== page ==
Summary of Minds at Work

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Rating

7

Qualities

  • For Beginners
  • Well Structured
  • Concrete Examples

Recommendation

Speakers and coaches David Grebow and Stephen J. Gill provide a brief, solid overview of why organizations must adapt so they can offer learning in a faster, more disruptive business environment and how they can do so by adopting modern management practices. Aside from inventing some new terms – for example, the “managing minds” organizations – the authors are informative, not original. They summarize a well-trodden path following the evolution of the global economy, from an early emphasis on physical labor to today’s knowledge economy. Their solutions are mostly common knowledge today, but they excel when they describe the learning culture modern organizations must adopt: technology-enabled, self-directed, online, social, outcomes-oriented, and measurable through analytics. Executives not directly involved in learning or newcomers to organizational learning will gain the most from this concise, nonprescriptive overview of how to implement a learning culture.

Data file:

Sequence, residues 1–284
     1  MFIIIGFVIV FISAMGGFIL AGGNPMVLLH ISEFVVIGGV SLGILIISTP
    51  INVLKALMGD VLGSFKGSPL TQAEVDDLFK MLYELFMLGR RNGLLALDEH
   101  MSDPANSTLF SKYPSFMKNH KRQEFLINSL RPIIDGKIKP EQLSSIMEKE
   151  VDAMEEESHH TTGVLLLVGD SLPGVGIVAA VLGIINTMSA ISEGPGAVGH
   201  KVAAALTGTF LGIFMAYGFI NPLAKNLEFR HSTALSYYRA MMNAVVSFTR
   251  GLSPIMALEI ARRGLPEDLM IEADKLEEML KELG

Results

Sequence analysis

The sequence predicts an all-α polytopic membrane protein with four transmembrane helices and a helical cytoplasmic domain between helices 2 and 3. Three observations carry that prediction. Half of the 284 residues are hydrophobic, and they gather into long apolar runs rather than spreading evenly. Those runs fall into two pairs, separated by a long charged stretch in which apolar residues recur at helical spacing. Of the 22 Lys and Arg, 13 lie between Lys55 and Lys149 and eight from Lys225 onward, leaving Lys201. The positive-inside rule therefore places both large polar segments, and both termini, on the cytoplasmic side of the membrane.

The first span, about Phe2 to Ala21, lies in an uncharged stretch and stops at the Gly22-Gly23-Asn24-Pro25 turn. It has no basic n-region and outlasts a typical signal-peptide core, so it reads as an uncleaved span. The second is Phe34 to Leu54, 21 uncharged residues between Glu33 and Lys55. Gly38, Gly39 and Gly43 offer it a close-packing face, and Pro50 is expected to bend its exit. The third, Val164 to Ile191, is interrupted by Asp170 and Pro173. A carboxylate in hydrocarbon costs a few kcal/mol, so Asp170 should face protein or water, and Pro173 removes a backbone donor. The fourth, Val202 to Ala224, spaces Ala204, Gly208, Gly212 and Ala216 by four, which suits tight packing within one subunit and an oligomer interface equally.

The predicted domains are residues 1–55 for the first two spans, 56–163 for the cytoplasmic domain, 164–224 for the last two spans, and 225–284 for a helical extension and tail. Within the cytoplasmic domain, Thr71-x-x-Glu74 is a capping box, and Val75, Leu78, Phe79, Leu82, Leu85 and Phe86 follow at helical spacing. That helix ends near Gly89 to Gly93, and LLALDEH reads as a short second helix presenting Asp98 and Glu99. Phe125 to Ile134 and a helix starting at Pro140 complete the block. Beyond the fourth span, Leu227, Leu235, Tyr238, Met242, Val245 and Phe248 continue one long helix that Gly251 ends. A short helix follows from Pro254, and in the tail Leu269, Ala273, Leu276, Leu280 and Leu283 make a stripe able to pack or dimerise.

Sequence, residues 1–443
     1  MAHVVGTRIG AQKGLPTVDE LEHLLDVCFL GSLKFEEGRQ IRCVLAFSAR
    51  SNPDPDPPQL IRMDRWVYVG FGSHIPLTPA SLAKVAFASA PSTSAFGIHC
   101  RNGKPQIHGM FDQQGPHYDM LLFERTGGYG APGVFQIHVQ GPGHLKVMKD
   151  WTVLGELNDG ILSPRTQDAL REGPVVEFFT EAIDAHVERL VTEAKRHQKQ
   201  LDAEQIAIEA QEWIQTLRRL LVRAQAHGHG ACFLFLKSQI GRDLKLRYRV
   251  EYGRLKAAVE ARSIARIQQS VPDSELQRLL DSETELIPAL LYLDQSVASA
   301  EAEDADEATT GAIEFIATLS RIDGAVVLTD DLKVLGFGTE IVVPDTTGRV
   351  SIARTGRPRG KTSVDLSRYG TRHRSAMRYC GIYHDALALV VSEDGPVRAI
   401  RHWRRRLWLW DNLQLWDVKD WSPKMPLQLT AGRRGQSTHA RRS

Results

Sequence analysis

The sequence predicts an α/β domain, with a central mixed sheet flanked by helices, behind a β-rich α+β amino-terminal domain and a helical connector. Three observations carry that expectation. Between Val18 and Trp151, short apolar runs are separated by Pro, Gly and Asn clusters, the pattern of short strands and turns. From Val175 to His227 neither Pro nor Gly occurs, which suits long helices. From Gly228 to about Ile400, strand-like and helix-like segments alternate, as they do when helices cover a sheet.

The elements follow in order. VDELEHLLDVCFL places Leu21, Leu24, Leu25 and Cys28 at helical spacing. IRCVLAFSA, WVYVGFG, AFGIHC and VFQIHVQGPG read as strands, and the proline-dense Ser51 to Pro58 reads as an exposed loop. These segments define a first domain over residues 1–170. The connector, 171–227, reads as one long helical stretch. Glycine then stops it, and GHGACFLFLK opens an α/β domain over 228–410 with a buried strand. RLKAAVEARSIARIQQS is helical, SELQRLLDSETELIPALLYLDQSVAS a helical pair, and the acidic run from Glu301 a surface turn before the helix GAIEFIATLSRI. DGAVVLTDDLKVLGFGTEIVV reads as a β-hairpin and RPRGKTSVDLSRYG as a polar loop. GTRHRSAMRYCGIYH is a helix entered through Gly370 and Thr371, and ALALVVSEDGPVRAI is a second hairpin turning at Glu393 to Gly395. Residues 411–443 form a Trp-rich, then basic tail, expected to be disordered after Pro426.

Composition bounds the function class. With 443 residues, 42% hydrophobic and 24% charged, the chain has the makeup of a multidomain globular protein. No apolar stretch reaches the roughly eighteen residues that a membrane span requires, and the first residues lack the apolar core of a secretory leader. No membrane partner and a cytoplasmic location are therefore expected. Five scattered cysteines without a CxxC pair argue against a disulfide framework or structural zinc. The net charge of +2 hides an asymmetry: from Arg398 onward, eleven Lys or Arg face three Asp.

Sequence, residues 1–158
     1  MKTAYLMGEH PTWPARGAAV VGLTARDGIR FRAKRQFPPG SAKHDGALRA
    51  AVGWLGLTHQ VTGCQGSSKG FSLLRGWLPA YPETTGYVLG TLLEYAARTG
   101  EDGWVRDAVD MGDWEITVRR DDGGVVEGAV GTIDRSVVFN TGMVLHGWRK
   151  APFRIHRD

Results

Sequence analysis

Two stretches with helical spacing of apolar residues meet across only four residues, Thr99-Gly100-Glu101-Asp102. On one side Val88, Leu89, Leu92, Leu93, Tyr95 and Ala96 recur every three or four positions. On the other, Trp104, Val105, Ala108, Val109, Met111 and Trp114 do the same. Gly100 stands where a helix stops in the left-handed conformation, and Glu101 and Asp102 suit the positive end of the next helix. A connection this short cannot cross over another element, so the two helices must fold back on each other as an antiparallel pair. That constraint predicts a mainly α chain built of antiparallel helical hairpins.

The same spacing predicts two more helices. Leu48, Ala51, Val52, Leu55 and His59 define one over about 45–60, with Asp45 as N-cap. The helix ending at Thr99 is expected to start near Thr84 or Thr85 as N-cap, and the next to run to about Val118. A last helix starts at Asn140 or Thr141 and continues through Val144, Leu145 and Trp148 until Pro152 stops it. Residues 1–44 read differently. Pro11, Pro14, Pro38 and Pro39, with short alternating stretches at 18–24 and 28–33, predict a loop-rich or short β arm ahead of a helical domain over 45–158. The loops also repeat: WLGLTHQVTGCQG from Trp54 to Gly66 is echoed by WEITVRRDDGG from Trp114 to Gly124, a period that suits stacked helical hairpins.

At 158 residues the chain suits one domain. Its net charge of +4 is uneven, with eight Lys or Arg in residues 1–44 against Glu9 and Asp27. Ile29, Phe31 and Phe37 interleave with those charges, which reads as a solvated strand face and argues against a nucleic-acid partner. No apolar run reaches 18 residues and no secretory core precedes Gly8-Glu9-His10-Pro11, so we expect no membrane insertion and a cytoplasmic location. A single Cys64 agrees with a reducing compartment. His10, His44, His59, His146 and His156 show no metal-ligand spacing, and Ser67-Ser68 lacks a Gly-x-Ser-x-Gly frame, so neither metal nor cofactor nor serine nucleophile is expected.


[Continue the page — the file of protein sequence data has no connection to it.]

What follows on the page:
In this summary, you will learn

  • How business and the world have profoundly changed,
  • Why organizations must follow suit and
  • What strategies will help you implement a “managing minds” learning culture in your organization.
 

About the Authors

Speakers and coaches David Grebow and Stephen Gill run separate organizations focused on modern workplace learning.

 

Summary

Organizations should adapt to widespread change by updating their management beliefs and practices.

Work that emphasized physical labor over thought dominated the global economy for millennia. Thus, “managing hands” became a science – the science of management. In about 1980, the economy shifted. Workers used their minds more than their hands. The manufacturing economy became a service economy and then an information-based economy. Today, workers and organizations compete in a knowledge economy. Individual and collective mind power are any firm’s greatest assets and capabilities. Most organizations remain in 20th-century, command-and-control operating styles. They manage hands, not minds. Schools with MBA programs still focus on traditional management practices. Firms that focus on hands tend to fail in a fast-paced, ever-changing and interconnected world. The minority – those who manage minds – thrive all over the world. They place learning at the forefront of their strategy.   

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